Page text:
I did sculptures in school, but they were terrible – I didn't know what I was doing. In the show there is a jukebox piece – my work is very American, so the jukebox feels questionable and cheesy and kitschy, but then it become this possessed item, where it is spouting dumb conversations with my mom. I look online at stuff constantly, and the jukebox is referencing ASMR [the electric tingle that runs down the back of your neck] , which is kind of like audio reiki. You know when you have an old person like your grandma touching your arm softly? I'm like ‘just grab it or don't touch it at all’. That in-between makes me uncomfortable and that’s why I was drawn to the idea of ASMR. The oldies in the jukebox were kept in, and hearing the Drifters alongside the paintings were so unsettling, coupled with my mom’s booming and inaudible New Jersey accent – everything was kind of thrown off its potential meaning. I also did a sculpture of a hammer nailing itself, as well as a wicker sculpture based off the chair stacking scene in Poltergeist, but specifically white wicker, with tennis balls on the bottoms of the legs. Obviously there is this pseudo-wasp reference and also a conscientious poltergeist who is concerned with the sound of chairs moving across the floor.
I also painted a self portrait in the show; I’m very self aware how incredibly played-out a self portrait is, a trope. It looks so stupid, but that’s why I am draw to it, because it transcends itself. I showed it to my friends and they were like ‘Why did you do that?’ There are so many dumb moments (when I say dumb, I mean it as a good thing) - I'm drawing with a stick with my feet, spelling out HELP. It is so ridiculous, what am I doing? And the work becomes questionable and I am so interested in that. If you look closely at the painting, you can see a live studio audience in the background behind me, as well as a boom mic. I was joking it looked like a scene from that 70’s Show, so why not own it? In reality, the background is a reference to video artist Bruce Charlesworth.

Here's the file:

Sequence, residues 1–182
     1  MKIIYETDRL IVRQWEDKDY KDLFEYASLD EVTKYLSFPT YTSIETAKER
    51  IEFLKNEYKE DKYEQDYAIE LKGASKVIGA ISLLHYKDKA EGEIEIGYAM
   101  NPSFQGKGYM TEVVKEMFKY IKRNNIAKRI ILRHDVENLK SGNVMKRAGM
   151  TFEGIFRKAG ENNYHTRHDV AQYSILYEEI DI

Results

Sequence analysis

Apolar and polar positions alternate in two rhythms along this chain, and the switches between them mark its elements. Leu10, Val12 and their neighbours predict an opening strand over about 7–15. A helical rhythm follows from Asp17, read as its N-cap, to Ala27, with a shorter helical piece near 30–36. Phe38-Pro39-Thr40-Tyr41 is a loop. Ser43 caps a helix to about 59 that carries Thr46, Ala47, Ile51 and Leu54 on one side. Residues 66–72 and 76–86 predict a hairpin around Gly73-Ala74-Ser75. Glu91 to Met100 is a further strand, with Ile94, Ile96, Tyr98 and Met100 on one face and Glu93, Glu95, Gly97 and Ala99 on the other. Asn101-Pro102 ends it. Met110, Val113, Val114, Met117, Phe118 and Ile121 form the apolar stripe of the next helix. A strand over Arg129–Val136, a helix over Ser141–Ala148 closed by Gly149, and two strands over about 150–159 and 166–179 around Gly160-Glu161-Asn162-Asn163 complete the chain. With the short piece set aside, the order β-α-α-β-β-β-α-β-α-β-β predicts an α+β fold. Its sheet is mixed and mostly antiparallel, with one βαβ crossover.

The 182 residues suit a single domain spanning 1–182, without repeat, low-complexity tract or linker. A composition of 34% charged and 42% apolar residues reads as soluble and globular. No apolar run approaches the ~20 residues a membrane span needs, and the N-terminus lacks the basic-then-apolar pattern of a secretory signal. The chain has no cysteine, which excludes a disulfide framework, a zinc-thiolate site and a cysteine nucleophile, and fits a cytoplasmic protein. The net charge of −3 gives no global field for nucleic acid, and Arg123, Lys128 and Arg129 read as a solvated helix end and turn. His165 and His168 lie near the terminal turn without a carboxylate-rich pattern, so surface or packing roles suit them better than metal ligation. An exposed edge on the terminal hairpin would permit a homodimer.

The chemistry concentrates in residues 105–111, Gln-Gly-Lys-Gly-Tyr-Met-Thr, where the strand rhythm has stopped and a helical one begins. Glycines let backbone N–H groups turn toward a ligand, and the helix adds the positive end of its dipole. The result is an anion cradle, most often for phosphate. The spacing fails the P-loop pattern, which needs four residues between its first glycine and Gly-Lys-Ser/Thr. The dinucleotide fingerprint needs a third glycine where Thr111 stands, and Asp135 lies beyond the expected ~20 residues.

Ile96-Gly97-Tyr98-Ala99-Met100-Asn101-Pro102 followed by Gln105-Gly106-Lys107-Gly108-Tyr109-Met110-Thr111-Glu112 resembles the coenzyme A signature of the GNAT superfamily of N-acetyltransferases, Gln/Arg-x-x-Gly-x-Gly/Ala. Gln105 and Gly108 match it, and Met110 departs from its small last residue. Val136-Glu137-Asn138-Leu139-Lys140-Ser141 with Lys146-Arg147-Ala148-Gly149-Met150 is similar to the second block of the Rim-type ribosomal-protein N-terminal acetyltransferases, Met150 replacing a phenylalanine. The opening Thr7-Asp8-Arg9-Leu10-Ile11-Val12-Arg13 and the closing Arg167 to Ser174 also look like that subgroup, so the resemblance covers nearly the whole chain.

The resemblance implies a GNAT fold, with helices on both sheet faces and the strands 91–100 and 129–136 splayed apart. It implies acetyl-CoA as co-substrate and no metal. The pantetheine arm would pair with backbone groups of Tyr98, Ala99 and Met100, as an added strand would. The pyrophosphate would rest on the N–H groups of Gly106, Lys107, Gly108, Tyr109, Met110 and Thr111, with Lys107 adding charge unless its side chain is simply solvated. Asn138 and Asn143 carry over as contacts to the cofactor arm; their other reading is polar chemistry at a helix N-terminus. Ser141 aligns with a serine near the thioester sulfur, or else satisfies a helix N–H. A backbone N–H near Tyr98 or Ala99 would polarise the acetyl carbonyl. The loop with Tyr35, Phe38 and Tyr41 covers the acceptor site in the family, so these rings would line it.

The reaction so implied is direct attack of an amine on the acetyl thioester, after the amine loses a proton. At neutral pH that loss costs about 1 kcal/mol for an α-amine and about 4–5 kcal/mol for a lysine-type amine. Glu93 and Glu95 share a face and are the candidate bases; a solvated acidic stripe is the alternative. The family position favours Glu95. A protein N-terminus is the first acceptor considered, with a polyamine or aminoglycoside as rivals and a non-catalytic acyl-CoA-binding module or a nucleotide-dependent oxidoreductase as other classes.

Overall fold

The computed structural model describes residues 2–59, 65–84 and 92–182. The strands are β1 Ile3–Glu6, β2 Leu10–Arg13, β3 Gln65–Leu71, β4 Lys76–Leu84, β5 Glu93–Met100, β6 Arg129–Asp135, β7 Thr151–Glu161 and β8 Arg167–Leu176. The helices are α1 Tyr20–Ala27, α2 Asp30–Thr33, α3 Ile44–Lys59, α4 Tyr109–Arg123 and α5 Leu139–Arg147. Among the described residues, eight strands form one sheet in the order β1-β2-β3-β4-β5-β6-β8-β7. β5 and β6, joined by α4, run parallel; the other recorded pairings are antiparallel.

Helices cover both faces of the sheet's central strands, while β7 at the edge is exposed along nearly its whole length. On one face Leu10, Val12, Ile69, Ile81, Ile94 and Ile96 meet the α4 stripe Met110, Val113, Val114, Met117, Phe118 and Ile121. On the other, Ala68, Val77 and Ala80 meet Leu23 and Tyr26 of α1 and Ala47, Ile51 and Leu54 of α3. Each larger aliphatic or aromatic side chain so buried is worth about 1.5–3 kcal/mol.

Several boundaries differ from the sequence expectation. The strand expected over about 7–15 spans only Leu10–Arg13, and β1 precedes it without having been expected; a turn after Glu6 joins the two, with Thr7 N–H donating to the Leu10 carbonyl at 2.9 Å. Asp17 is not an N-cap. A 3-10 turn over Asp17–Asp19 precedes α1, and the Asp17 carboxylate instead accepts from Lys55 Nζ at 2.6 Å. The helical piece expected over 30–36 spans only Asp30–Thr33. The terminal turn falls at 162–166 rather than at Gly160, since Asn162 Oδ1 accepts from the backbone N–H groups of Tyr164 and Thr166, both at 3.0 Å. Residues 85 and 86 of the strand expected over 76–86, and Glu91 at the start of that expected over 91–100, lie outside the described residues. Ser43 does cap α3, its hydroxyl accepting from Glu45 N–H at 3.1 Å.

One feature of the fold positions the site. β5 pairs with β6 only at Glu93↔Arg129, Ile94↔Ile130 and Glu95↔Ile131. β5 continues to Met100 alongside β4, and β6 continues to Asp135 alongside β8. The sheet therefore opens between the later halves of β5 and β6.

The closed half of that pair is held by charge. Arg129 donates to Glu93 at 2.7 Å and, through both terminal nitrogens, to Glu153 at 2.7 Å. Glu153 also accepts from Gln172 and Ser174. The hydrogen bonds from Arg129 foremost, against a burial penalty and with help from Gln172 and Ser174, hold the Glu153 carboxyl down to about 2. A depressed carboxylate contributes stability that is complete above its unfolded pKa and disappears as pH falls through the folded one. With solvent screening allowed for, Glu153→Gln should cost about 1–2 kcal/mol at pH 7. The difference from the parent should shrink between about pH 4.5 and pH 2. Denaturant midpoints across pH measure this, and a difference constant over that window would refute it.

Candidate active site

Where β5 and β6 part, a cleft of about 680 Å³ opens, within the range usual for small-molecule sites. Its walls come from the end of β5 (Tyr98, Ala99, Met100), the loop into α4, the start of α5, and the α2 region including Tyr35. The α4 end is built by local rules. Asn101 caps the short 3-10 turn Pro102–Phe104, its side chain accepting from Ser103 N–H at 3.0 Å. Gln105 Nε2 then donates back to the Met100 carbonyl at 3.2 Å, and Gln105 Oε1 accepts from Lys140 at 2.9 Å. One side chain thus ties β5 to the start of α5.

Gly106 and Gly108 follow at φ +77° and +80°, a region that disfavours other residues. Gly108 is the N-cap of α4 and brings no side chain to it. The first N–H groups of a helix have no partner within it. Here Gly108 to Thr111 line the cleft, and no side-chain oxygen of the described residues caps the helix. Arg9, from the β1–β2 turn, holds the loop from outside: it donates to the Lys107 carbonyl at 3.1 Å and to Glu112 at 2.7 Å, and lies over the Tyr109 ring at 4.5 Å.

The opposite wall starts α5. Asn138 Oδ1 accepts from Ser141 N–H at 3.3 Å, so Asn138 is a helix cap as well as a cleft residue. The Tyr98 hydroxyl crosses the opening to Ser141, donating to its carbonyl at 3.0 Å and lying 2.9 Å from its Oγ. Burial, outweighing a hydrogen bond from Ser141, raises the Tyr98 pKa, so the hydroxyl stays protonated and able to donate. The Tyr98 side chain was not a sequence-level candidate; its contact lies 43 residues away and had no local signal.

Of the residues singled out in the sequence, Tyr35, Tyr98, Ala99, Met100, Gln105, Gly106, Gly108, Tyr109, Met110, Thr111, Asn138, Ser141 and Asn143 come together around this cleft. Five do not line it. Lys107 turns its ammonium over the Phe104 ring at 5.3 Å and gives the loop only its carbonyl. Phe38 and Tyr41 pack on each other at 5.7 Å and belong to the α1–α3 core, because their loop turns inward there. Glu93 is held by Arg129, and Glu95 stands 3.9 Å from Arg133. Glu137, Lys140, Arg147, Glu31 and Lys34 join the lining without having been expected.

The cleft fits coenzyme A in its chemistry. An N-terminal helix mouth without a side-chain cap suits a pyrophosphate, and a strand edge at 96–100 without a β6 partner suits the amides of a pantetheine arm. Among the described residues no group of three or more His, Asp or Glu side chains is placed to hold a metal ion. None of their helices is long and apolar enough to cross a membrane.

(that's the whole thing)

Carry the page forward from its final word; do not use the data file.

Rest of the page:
Your paintings are both beautiful and awful; you don’t want them in your living room, but they are so suggestive, you can’t look at them without trying to make links between everything. You are asking a lot of the viewer, but it is good to not know.
I like to keep things open. The thing I don't like about painting and art in general is the pretence that is involved, but at the same time you need to give people something to hold on to. If it is mediated by yourself somehow, like making the scale of a deer totally insane, it becomes surreal and suggestive of a Miro or an Arp painting. To me, everything makes sense. I also like not knowing why I made a decision, and by using all these different references from all these different places, it becomes way more complex and forced than if it was all just my shit. That would just be flat to me.
There’s an element of Dada influences in your work, right?
Yes! It’s not just absurd for absurdity's sake, but kind of defiantly something – defiantly questionable. The school I went to was kind of a homebase for Fluxus in the 70s. And the clothing line we showed in my collaborative group George de George at the Serpentine Pavilion this year is based on Dada absurdity. I am interested in art history too – so, while a lot of my work is random throwaway ephemera from the internet to old books and thrift store stuff, it is also rooted in art history.
Do you want to be able to explore other things than painting?
As an artist you want to be able to do whatever you want. I’m excited, I don't really know what I am doing. I'm making a sculpture right now with a long harmonica and I have been thinking about getting a vacuum cleaner the same width to play the harmonica. We have to get robotics people to help me make it. Figuring out other ways to do things is exciting and I am bracing myself for fucking up or embarrassing myself. I keep telling myself fucking up means you are trying.